If we live, we'll get there. Our hair will either turn gray, or it will turn loose. Our step will falter, our eyes will dim, our strength will fail. It is the way of all the earth (Ecclesiastes 12:3-7). This stage of life reminds us that this old world is not a good place to set up permanent residence. It was never intended to be man's retirement home. It's just a training ground for the soul, a parade field for the spectacle of those who inhabit heavenly places (Hebrews 12:1); it's a prep school for the final exam, a planning session for the business of eternity (Hebrews 9:27). This life is a trial run for the one that really counts (2 Timothy 4:6-8).
The devil is busy preaching to the senior generation. He's lying, of course (he always does, John 8:44). Nonetheless, sometimes his messages take root in minds that should be aware of his tricks (2 Corinthians 2:11; 11:14). What lies does Satan peddle among senior saints?
"You're all washed up and useless." Age does take its toll. When Mickey Mantle was sixty-one, he was approached by an autograph-seeking middle-aged man and his little boy. The man had tears in his eyes when he said, "Son, it took me thirty years to get here to shake this man's hand. This is the greatest baseball player who ever lived." The boy looked at Mantle, then turned to his dad and said, "Daddy, that's an old man." No one can stop the aging process, but we can keep ourselves useful. Jacob made mistakes as a youth but used his later years admirably. Many of us can relate to him. If we could rewind the video of our lives, we'd do some editing. If we replayed life's "game," we'd have a mulligan or two. But one thing we can say for Jacob, until his dying day, he stayed "in the saddle." He saw old age as a time to help others (Genesis 47:10). In fact, he died worshipping God and blessing his family (Hebrews 11:21) -- what a wonderful epitaph! It is sad when seniors feel that there is nothing left for them to do. God said, "The righteous . . . shall bring forth fruit in old age; they shall be fat and flourishing" (Psalm 92:12-14). Some of the world's great deeds were done by those past retirement age:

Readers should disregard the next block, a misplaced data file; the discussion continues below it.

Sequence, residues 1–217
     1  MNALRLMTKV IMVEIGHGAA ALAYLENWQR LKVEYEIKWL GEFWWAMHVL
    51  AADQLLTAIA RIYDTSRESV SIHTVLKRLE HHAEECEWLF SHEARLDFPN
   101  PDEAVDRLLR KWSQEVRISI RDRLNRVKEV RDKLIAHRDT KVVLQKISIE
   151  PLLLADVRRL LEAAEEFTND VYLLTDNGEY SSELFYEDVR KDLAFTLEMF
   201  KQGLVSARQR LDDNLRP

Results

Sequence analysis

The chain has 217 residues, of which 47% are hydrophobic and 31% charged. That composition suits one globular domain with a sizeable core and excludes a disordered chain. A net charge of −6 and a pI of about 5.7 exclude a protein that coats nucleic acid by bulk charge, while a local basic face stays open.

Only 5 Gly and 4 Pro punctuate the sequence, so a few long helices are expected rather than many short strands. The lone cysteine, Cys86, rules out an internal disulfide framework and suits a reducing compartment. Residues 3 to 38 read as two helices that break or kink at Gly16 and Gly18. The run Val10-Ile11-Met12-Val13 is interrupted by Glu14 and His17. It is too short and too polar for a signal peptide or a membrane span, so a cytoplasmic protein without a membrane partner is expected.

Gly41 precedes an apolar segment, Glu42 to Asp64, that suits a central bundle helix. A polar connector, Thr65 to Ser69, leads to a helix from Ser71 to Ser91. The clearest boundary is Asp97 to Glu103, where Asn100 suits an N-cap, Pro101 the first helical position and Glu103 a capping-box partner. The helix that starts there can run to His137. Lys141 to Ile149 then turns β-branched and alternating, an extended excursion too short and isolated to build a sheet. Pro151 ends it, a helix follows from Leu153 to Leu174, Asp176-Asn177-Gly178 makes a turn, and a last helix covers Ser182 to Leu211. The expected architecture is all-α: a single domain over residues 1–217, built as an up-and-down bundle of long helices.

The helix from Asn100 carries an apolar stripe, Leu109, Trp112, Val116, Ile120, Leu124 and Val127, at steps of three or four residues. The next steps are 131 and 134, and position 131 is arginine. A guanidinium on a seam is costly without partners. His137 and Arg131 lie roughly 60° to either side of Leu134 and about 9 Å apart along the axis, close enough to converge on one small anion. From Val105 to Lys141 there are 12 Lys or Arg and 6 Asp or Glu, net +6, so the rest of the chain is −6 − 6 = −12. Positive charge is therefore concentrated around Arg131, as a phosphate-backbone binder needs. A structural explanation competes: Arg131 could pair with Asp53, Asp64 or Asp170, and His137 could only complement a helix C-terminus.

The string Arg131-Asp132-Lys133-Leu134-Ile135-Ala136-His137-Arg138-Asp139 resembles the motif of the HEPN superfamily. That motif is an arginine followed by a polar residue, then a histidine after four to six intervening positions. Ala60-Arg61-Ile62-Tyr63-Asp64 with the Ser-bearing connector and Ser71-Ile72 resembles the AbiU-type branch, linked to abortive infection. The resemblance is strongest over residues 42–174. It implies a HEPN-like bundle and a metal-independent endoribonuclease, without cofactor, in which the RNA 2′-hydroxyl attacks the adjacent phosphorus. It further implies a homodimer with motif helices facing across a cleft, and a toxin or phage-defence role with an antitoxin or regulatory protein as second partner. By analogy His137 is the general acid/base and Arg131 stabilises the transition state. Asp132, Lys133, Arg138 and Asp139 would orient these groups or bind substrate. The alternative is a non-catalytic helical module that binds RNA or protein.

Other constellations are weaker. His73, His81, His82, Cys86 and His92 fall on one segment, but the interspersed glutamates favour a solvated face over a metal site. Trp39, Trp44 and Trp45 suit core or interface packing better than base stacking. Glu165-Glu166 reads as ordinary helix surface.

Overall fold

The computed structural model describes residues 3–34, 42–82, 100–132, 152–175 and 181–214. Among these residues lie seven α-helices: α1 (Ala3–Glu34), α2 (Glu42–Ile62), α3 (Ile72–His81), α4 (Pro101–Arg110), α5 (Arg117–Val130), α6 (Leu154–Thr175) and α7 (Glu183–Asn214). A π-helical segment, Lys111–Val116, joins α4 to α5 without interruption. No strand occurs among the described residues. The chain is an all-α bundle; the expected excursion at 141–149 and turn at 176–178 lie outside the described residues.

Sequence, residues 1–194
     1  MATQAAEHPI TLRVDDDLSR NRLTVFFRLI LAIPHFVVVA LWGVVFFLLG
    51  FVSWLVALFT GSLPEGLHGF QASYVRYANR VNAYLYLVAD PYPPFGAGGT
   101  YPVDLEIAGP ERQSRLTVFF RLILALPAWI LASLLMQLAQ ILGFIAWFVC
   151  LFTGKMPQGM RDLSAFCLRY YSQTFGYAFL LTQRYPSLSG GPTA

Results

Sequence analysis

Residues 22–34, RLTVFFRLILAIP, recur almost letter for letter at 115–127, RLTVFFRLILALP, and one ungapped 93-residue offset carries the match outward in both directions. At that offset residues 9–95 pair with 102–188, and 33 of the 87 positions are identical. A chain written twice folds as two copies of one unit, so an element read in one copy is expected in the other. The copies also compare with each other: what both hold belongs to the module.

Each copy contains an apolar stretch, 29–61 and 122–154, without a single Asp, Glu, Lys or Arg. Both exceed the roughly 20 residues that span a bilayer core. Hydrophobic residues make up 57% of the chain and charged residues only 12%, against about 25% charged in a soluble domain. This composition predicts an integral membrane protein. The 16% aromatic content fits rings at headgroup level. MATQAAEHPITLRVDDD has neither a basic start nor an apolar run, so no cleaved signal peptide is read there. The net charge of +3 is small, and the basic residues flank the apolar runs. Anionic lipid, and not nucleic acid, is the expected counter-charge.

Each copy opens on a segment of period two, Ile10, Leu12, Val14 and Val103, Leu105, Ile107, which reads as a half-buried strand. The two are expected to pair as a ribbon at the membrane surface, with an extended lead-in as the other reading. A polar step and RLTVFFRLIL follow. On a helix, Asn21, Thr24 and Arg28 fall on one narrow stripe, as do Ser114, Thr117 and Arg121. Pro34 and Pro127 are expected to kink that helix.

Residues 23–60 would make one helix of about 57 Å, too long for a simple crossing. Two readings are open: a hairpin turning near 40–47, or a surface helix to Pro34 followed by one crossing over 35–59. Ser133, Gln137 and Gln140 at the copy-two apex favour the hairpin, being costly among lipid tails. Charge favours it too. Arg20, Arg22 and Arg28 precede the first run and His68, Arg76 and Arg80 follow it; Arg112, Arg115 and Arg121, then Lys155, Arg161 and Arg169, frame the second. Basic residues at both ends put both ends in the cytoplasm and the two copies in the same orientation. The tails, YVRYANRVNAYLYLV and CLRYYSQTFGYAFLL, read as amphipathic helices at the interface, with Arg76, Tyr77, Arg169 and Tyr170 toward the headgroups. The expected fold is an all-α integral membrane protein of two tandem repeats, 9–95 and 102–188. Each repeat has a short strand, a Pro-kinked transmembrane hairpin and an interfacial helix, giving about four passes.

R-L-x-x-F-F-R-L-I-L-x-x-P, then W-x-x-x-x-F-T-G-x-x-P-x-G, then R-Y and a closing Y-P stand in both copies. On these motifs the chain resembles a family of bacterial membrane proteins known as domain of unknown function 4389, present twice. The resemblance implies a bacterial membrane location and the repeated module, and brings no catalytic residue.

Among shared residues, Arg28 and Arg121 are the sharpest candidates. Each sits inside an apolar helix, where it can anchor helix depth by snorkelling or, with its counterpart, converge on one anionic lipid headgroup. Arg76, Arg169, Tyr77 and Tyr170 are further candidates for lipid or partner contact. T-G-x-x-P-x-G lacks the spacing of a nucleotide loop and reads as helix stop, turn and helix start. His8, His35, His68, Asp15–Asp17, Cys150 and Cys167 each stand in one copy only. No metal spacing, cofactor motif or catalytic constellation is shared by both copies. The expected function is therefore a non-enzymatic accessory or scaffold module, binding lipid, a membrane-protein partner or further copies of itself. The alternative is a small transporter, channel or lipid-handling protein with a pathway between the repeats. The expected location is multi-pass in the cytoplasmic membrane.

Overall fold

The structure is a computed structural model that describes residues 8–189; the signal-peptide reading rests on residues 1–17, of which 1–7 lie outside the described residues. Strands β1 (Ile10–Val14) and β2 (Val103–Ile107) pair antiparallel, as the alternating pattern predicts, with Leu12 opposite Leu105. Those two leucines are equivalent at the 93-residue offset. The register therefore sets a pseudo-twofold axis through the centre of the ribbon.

Noah lived six hundred years before God called him (Genesis 6); Abraham and Sarah were almost a century old when Isaac was born (Genesis 21); and Moses was eighty when God sent him to lead Israel. Though Moses made excuses, he never tried to excuse himself because he was too old (Exodus 4:10). (Neither should we.)
Commodore Vanderbilt, between the age of seventy and eighty-three, added a hundred million dollars to his fortune.
Tennyson was eighty-three when he wrote, "Crossing the Bar."
Verdi wrote, "Ave Maria" at eighty-five.
Cato began studying Greek at eighty. When asked why he began such a difficult language at that advanced age, he stated it was because he had waited too long to start any younger.
We live in a time when we can be productive for many years. Only a third of the one million people in the U.S. over ninety live in nursing homes. Don't give up on life too soon. Caleb was eighty-five when he requested permission to drive giants off a mountain (Joshua 14:6-12). Why, at his age? Because he saw a need. He still had faith in God (14:10) and himself (14:11-12). You may not be able to do all you used to, but you can now do much you did not know to do then. "She hath done what she could" (Mark 14:8) is always the right formula for pleasing God. Younger Christians need your positive example (Matthew 5:14-16). We know you worship when you do not feel well, for instance, and it encourages us to come.